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Test ID FMB Fetomaternal Bleed, Flow Cytometry, Blood

Reporting Name

Fetomaternal Bleed,Flow Cytometry,B

Useful For

Determining the volume of fetal-to-maternal hemorrhage for the purposes of recommending an increased dose of the Rh immune globulin

Specimen Type

Whole Blood EDTA


Advisory Information


This test is for the detection of fetal bleed, it should not be used to detect the hereditary persistence of fetal hemoglobin (see HPFH / Hemoglobin F, Red Cell Distribution, Blood) or to detect fetal maternal hemorrhage in a mother with hereditary persistence of fetal hemoglobin.



Shipping Instructions


Specimen must arrive within 120 hours (preferably 24-72 hours) of draw.



Specimen Required


Container/Tube: Lavender top (EDTA)

Specimen Volume: Full tube

Collection Instructions:

1. Do not centrifuge or aliquot.

2. Invert several times to mix blood.

3. Send specimen in original tube.


Specimen Minimum Volume

1 mL

Specimen Stability Information

Specimen Type Temperature Time
Whole Blood EDTA Refrigerated (preferred) 5 days
  Ambient  5 days

Reference Values

≤1.5 mL of fetal RBCs in normal adults

Day(s) and Time(s) Performed

Monday through Sunday; Varies

Test Classification

This test has been modified from the manufacturer's instructions. Its performance characteristics were determined by Mayo Clinic in a manner consistent with CLIA requirements. This test has not been cleared or approved by the U.S. Food and Drug Administration.

CPT Code Information

88184-Flow cytometry, cell surface, cytoplasmic

LOINC Code Information

Test ID Test Order Name Order LOINC Value
FMB Fetomaternal Bleed,Flow Cytometry,B In Process

 

Result ID Test Result Name Result LOINC Value
28204 Mother's Rh 10331-7
28202 Fetal-Maternal Bleed 55730-6
28203 Rh Immune Globulin 55731-4
4058 Remarks 48767-8

Clinical Information

In hemolytic disease of the newborn, fetal red cells become coated with IgG alloantibody of maternal origin, directed against an antigen on the fetal cells that is of paternal origin and absent on maternal cells. The IgG-coated cells undergo accelerated destruction, both before and after birth. The clinical severity of the disease can vary from intrauterine death to hematological abnormalities detected only if blood from an apparently healthy infant is subject to serologic testing.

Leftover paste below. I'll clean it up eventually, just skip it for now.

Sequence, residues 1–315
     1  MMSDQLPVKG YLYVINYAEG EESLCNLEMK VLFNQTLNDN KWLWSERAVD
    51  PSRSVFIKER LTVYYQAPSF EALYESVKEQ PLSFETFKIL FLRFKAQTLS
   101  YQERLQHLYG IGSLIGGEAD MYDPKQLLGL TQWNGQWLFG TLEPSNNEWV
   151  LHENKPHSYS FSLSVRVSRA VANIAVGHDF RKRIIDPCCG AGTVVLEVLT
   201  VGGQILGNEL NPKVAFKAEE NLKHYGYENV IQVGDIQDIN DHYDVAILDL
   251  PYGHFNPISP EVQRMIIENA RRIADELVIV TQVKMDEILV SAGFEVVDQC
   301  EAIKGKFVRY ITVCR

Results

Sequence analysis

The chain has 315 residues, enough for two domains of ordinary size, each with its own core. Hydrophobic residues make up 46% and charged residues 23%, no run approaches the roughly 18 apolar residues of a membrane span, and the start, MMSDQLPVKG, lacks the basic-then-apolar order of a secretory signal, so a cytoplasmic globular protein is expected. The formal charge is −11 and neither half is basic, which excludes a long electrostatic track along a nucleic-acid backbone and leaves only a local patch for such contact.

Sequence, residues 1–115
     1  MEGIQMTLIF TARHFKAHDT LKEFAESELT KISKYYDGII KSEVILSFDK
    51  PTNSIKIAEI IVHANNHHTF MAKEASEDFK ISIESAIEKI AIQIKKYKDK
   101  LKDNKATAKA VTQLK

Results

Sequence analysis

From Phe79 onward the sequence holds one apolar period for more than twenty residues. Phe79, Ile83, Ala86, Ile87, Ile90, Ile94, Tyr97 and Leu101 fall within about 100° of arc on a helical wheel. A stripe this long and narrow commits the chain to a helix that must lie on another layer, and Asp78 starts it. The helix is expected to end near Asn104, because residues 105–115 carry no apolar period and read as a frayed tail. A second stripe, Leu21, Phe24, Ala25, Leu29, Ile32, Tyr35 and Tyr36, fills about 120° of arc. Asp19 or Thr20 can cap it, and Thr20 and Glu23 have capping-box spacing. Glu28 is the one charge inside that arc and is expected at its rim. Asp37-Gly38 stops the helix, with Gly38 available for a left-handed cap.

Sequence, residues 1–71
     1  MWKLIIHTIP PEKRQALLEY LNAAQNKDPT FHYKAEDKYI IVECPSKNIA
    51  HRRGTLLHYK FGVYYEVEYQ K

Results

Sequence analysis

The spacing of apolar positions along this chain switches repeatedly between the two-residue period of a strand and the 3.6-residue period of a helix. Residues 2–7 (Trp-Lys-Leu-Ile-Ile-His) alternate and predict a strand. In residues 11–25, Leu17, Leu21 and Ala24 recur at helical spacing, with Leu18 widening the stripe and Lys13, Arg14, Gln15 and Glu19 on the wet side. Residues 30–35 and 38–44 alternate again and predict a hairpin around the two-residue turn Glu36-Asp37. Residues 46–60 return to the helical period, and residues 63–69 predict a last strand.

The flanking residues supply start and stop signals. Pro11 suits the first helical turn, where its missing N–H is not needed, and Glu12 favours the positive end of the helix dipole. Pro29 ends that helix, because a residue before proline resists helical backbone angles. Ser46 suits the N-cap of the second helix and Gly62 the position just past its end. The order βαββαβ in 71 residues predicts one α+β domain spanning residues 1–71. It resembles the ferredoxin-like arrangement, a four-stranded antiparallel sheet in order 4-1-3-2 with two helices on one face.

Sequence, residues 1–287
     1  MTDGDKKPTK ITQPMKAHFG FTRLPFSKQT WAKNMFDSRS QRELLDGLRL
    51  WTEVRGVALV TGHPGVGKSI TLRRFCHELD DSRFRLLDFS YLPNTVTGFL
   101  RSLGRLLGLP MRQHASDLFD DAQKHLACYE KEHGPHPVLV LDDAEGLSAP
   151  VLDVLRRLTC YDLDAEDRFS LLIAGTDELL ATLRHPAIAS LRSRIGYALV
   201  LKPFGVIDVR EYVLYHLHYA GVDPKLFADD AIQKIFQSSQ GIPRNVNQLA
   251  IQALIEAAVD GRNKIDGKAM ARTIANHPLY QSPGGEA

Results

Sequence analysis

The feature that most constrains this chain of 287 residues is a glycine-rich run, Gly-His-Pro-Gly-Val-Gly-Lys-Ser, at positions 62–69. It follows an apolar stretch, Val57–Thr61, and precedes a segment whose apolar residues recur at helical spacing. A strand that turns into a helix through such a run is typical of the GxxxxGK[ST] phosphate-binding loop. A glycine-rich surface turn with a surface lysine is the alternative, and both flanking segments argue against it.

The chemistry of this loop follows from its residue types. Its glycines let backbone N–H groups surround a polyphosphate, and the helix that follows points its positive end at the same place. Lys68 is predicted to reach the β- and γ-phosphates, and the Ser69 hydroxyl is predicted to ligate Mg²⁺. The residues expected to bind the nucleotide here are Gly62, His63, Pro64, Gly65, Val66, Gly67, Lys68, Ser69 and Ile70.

Pregnancy causes immunization when fetal red cells possessing a paternal antigen foreign to the mother enter the maternal circulation, an event described as fetomaternal hemorrhage (FMH). FMH occurs in up to 75% of pregnancies, usually during the third trimester and immediately after delivery. Delivery is the most common immunizing event, but fetal red cells can also enter the mother's circulation after amniocentesis, spontaneous or induced abortion, chorionic villus sampling, cordocentesis, or rupture of an ectopic pregnancy, as well as blunt trauma to the abdomen.(1)

 

Rh immune globulin (RhIG, anti-D antibody) is given to Rh-negative mothers who are pregnant with an Rh-positive fetus. Anti-D antibody binds to fetal D-positive red cells, preventing development of the maternal immune response. RhIG can be given either before or after delivery. The volume of FMH determines the dose of RhIG to be administered.

Interpretation

Greater than 15 mL of fetal red blood cells (RBC) (30 mL of fetal whole blood) is consistent with significant fetomaternal hemorrhage (FMH).

 

A recommended dose of Rh immune globulin (RhIG) will be reported for all specimens. One 300 mcg dose of RhIG protects against a FMH of 30 mL of D-positive fetal whole blood or 15 mL of D-positive fetal RBCs. Recommended standard of practice is to administer RhIG within 72 hours of the fetomaternal bleed for optimal protective effects. The effectiveness of RhIG decreases beyond 72 hours post exposure but may still be clinically warranted. This assay has been validated out to 5 days post collection.

Clinical Reference

1. Technical manual. Sixteenth edition. Edited by J Roback, MR Combs, B Grossman, C Hillyer. Bethesda, MD, AABB Press, 2008, pp 625-637, pp 888

2. Iyer R, Mcelhinney B, Heasley N, et al: False positive Kleihauer tests and unnecessary administration of anti-D immunoglobulin. Clin Lab Haematol 2003;25:405-4082

Analytic Time

Same day/1 day

Method Name

Flow Cytometry